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Hofni Seeking Justice After Shooting

Hafeni Shooya
Hofni Shooya in front of his home.

In a field blistered with broken glass and rock, a young man twitched in unconsciousness. From his right leg blood oozed from a gaping bullet hole.

Until now, 25 -year-old Hofni Shooya had always lived on hope.

He had traveled far from his northern Namibia home and was now living on the outskirts of Windhoek, where he dreamed of a better life. This was a place where he could watch his son grow up, a place where he could finally find stability with his girlfriend, he thought.

Soon, like many other young men his age, he joined a group of men who wait along the grassy roadside at a designated City Council unemployment site. Each morning, he would trek downtown where he would sit by the side of the street, hoping someone might stop with an offer of a job weeding a garden, painting or washing a car. There were days when he would get work, when he would have enough money to fill his stomach. Yet, there were other times when hope would wear thin.

The week of March 11, 2006 Hofni leaped up as a car finally pulled over. When he saw the police car markings and the uniformed officers emerge, his heart sunk. The officers fired questions, demands and threats. Soon, some of the young unemployed men were being loaded into the backseat of the police cruiser.

This had happened before. Since the establishment of the Windhoek city police in 2005, there had been a public outcry about their members, the public saying that instead of doing community service, the police were harassing members of society¹.

Once, Hofni had been arrested and dragged down to the police station for standing at the designated employment bureau before. That time he was locked in jail for a week. So when the police arrived on March 11, Hofni tried to leave the scene.

“l didn't do anything. Why should I go to the police station?” he remembers.

Hofni ran into the empty field behind him. But two officers noticed and chased him through a dry riverbed and into a middle class neighbourhood. A police car drove around the riverbed and blocked Hofni's way forward. The two officers stood behind him.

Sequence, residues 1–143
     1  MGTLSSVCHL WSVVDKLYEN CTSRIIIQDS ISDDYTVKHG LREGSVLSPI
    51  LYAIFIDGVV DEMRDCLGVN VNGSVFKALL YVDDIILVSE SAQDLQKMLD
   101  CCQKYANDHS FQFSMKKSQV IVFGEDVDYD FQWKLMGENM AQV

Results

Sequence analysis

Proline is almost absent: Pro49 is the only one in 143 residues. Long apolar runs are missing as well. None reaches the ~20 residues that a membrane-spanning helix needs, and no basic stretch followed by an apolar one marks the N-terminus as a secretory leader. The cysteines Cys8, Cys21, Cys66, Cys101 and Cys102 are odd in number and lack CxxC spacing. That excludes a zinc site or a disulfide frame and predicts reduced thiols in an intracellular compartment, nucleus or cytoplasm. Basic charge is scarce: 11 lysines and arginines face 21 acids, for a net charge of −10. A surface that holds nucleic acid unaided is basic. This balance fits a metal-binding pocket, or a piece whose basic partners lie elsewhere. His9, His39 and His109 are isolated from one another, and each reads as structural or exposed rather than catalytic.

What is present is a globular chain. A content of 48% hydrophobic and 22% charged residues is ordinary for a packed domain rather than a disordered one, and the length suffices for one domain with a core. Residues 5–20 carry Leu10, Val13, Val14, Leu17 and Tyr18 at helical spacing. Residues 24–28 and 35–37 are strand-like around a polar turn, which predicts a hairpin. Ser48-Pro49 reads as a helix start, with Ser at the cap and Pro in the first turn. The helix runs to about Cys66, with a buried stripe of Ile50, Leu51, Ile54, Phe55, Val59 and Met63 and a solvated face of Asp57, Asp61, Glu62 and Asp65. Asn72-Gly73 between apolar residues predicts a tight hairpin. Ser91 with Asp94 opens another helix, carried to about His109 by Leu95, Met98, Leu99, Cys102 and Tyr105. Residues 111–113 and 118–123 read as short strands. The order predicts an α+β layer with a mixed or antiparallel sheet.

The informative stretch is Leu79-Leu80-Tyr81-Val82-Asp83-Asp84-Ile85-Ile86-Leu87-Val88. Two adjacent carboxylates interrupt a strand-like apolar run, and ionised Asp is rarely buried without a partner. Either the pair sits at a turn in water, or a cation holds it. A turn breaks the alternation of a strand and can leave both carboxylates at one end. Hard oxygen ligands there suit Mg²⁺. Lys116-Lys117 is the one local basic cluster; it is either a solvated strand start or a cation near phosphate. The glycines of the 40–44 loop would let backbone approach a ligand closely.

“I was cornered,” he says. "There was no warning."

Bullets were fired. Hofni fell into the grass and the gunman approached. With a few kicks, the figure reached into Hofni's pocket, pulled out his wallet, turned and walked away. Soon thereafter, Hofni's eyes fluttered and he lost consciousness.

“I didn't know what happened,” Hofni replies when asked if he thought he was going to die. "It was two hours before someone stopped to take me the hospital," he says.

Later, doctors announced that Hofni's femur was shattered. After months of lying in a hospital bed, doctors told him that his right leg was beyond recovery, it would have to be amputated. LAC's director Norman Tjombe remembers learning about Hofni's situation and visiting him in Katutura State Hospital.

“He was in a tremendous amount of pain,” Tjombe says. “That was six months after the shooting and his leg had not yet been amputated."

Launching a suit against the Windhoek City Police, the Legal Assistance Centre is arguing that the police do not have the right to fire at someone unarmed. "We have a Constitution that guarantees the right to life, dignity and integrity " Tjombe points out.

To support cases like Hofni's click here.
Or email the lawyer dealing with this matter.

Read about other people the LAC is assisting

1 - Sibeene, P., 2006. City Police Allegedly Harass Job Seekers, New Era newspaper, March 17.

Last update: March 2008


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